Family carers play an important role in care for aged patients with chronic illness, particularly in home and community settings. The information needs of these family carers and their patients are poorly understood and current health information systems do not adequately support their needs. This chapter describes current models in understanding patient and family carer information needs and analyses technology solutions in a new field of consumer health informatics. The analysis shows that current technology solutions in consumer health informatics fail to effectively support aged people in their own management of chronic illness and as well failing to support their family carers. The chapter also identifies key research issues in developing technologies that support aged patients and family carers in chronic illness management.
About 13 per cent of our Australian population is aged 65 years or older (Department for Health and Ageing, 2008). This is projected to rise to 18 per cent by 2021 and to 26 per cent (around 7 million people) in 2051. Healthy ageing and aged care have increasingly become an important, national issue. There is a wide range of social, health and economic aspects in ageing and aged care. One of many challenging aspects is how to cope with and manage the increasing incidence of chronic illness, for example depression, diabetes, heart disease, asthma, and various types of cancer. Morbidity and mortality related to major chronic diseases increase after 65 years of age (AIHW, 2006). Chronic illness, if not well managed, can become an expensive challenge (WHO, 2002). For optimum chronic illness management, an integrated hospital and home continuous care programme is required (ITTA-eHealth, 2004).
Hospital care involves high costs and is an inefficient use of care resources compared with preventative, primary or community care. Family carers play an important role in reducing costs associated with aged patients with chronic illness. Better understanding of and addressing the information needs of family carers is expected to provide significant benefits in providing chronic illness care for aged patients (Clayton, Butow, & Tattersall, 2005). Family carers not only provide home-based continuous care for aged patients but also often act as their proxy information seeker (Williamson & Asla, 2009). In addition to having a rich understanding of the patient-specific care needs, the family carer also has his/her own needs, for example, access to patient’s health information, knowledge about the patient’s illness and care instructions, and how to cope with emotions and stress associated with care (Docherty, et al., 2008). Inclusion of the information needs and information behaviours of the family carers in health information strategies and systems can be expected to provide significant benefits.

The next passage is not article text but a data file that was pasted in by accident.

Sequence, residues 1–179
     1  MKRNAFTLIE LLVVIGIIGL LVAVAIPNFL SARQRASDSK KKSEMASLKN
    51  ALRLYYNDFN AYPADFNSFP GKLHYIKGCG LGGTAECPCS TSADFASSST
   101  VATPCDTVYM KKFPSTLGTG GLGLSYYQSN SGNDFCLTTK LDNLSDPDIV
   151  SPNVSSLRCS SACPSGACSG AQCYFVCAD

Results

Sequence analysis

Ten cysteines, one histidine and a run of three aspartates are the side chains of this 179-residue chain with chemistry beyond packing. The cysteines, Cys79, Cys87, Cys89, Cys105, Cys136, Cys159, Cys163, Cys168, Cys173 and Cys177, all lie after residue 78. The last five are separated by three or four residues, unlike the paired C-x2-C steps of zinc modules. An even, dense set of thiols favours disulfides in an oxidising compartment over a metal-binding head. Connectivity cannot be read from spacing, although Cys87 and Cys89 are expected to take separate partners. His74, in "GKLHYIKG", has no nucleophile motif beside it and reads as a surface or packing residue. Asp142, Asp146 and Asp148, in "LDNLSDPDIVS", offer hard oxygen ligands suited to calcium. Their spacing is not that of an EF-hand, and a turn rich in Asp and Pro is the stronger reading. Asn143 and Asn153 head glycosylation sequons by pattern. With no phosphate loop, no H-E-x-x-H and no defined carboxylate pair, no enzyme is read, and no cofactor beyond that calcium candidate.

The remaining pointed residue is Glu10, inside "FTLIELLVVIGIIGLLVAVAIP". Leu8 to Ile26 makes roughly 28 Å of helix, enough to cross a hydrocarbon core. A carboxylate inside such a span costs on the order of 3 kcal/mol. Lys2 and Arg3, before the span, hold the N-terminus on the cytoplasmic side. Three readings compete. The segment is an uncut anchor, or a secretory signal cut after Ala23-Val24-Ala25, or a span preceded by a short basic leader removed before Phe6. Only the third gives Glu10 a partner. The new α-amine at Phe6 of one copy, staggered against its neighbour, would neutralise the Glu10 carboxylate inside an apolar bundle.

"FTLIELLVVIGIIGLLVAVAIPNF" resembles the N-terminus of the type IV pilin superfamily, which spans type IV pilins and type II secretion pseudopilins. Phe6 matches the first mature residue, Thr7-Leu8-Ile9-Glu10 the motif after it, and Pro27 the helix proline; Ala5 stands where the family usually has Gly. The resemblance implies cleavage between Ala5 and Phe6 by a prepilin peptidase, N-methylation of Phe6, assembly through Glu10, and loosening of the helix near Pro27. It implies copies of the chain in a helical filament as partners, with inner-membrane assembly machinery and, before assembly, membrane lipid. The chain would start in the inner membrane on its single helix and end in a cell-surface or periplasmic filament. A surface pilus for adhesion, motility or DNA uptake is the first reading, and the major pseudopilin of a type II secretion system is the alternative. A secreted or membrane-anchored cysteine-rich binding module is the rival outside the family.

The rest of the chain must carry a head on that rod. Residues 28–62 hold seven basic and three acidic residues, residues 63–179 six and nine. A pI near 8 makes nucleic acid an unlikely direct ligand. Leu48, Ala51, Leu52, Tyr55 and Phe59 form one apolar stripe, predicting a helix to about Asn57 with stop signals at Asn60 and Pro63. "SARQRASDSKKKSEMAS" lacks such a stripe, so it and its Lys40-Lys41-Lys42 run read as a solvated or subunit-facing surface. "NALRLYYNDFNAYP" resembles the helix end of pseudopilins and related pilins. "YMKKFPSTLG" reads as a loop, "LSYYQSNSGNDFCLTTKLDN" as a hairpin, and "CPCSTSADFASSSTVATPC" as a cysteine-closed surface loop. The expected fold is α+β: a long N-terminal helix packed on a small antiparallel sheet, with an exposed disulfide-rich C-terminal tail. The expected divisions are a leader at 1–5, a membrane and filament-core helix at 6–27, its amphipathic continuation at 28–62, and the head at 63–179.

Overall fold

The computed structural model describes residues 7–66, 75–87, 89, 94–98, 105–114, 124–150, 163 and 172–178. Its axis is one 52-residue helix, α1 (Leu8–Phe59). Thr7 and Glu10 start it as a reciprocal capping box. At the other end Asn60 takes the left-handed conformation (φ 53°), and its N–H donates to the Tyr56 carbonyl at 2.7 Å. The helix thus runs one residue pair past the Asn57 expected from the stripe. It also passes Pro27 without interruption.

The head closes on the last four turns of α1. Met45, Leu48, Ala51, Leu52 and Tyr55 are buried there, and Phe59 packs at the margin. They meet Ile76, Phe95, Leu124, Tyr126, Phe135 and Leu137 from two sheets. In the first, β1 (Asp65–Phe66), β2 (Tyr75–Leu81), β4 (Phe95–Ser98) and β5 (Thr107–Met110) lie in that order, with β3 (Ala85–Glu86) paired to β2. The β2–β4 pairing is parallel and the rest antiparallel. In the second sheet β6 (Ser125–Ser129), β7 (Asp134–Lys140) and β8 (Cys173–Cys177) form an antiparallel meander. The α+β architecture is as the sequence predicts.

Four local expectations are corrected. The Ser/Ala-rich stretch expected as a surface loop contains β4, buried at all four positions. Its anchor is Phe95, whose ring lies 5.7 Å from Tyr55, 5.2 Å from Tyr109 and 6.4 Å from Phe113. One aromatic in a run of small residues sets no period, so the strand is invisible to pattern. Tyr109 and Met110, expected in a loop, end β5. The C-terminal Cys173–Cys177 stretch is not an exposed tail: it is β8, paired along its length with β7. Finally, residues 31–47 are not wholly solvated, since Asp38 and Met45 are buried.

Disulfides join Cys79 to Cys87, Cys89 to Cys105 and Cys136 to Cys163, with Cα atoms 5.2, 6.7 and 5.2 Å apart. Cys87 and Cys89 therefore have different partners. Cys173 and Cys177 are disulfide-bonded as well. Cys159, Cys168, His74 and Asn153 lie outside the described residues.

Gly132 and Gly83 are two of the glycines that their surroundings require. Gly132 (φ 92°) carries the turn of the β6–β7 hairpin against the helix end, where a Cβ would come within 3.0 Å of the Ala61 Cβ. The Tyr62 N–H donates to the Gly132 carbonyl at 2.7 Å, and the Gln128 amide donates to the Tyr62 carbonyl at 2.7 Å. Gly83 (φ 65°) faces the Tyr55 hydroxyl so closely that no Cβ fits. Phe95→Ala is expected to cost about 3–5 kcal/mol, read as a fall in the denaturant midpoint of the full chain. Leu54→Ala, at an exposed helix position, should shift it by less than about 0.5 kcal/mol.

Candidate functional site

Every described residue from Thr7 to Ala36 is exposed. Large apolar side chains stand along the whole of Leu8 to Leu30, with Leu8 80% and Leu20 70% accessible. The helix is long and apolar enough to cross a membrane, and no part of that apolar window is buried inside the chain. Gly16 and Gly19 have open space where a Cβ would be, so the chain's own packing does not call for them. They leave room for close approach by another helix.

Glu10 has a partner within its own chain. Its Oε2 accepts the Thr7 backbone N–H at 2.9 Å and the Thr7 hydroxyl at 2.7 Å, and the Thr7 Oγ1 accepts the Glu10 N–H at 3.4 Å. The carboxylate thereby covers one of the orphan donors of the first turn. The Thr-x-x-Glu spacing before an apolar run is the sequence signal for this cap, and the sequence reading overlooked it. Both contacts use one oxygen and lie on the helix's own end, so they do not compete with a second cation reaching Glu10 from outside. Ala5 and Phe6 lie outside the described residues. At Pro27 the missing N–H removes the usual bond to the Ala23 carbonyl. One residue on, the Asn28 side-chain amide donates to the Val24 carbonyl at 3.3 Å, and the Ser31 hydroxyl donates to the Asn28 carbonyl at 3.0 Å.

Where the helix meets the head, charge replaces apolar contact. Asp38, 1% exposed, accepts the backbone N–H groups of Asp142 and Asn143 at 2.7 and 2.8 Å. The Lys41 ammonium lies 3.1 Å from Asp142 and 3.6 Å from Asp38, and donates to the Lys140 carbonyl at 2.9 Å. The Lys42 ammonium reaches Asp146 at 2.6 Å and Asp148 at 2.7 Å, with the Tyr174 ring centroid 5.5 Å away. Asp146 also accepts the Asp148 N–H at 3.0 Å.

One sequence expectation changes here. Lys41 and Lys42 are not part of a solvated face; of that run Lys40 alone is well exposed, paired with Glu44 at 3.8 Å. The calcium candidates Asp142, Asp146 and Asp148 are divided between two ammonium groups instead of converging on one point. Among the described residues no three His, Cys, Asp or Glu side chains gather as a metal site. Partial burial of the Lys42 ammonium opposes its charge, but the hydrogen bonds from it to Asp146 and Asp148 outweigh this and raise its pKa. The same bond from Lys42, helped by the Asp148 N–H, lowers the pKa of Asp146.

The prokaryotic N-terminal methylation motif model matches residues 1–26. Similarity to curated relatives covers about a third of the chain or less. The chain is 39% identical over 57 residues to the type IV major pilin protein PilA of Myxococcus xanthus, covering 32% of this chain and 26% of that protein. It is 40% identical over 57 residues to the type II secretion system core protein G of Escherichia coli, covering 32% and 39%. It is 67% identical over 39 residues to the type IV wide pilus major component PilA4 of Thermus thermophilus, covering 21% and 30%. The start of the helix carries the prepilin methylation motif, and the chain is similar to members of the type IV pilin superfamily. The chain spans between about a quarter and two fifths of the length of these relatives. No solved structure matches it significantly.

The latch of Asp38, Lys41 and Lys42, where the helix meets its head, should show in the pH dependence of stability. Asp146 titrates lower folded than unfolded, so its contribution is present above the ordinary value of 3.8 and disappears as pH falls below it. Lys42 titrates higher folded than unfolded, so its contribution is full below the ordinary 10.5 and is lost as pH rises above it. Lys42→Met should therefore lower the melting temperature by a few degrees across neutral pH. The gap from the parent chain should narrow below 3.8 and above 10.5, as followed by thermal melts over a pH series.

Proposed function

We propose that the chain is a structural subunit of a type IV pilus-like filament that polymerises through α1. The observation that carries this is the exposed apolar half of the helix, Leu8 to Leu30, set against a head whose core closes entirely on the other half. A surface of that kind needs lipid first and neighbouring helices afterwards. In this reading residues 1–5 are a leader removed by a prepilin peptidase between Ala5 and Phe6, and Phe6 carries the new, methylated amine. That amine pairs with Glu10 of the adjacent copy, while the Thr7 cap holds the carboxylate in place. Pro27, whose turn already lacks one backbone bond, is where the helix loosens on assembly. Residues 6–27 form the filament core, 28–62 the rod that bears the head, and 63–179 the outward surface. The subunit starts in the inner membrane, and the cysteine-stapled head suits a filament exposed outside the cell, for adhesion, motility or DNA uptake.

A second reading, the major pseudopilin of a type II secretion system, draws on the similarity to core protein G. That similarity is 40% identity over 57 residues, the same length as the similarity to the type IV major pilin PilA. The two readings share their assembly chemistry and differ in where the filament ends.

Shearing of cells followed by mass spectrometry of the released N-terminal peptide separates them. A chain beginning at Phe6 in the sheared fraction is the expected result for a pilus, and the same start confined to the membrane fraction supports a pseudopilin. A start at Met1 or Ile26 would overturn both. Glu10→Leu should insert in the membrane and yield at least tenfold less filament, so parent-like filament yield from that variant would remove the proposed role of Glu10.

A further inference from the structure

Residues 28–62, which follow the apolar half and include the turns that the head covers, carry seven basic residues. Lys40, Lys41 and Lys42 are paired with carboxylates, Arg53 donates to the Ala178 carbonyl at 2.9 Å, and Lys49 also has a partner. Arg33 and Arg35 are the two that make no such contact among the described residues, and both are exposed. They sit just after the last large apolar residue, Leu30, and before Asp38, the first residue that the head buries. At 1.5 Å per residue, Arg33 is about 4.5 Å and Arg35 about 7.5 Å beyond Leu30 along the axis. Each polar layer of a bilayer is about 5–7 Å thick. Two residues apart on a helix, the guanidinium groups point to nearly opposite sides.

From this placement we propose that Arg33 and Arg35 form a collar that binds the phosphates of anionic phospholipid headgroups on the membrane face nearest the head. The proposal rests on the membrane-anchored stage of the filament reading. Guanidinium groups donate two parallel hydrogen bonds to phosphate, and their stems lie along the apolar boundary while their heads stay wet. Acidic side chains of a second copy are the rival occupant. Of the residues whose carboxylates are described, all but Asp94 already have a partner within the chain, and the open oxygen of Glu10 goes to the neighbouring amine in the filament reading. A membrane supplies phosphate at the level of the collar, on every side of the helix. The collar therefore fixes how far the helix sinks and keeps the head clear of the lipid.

Consumer health informatics is a relatively new field that aims to understand and address the information needs of patients and their families, and empower them in health care planning, delivery and decision making (Altinkemer, De, & Ozdemir, 2006; Hersey, Matheson, & Lohr, 1997). Based on an analysis of the information needs of patients and family carers, especially in the context of home-based aged care, this chapter reviews and discusses current technologies used in consumer health informatics. A research programme will be described to support family-based care by addressing the information needs of aged patients and family carers.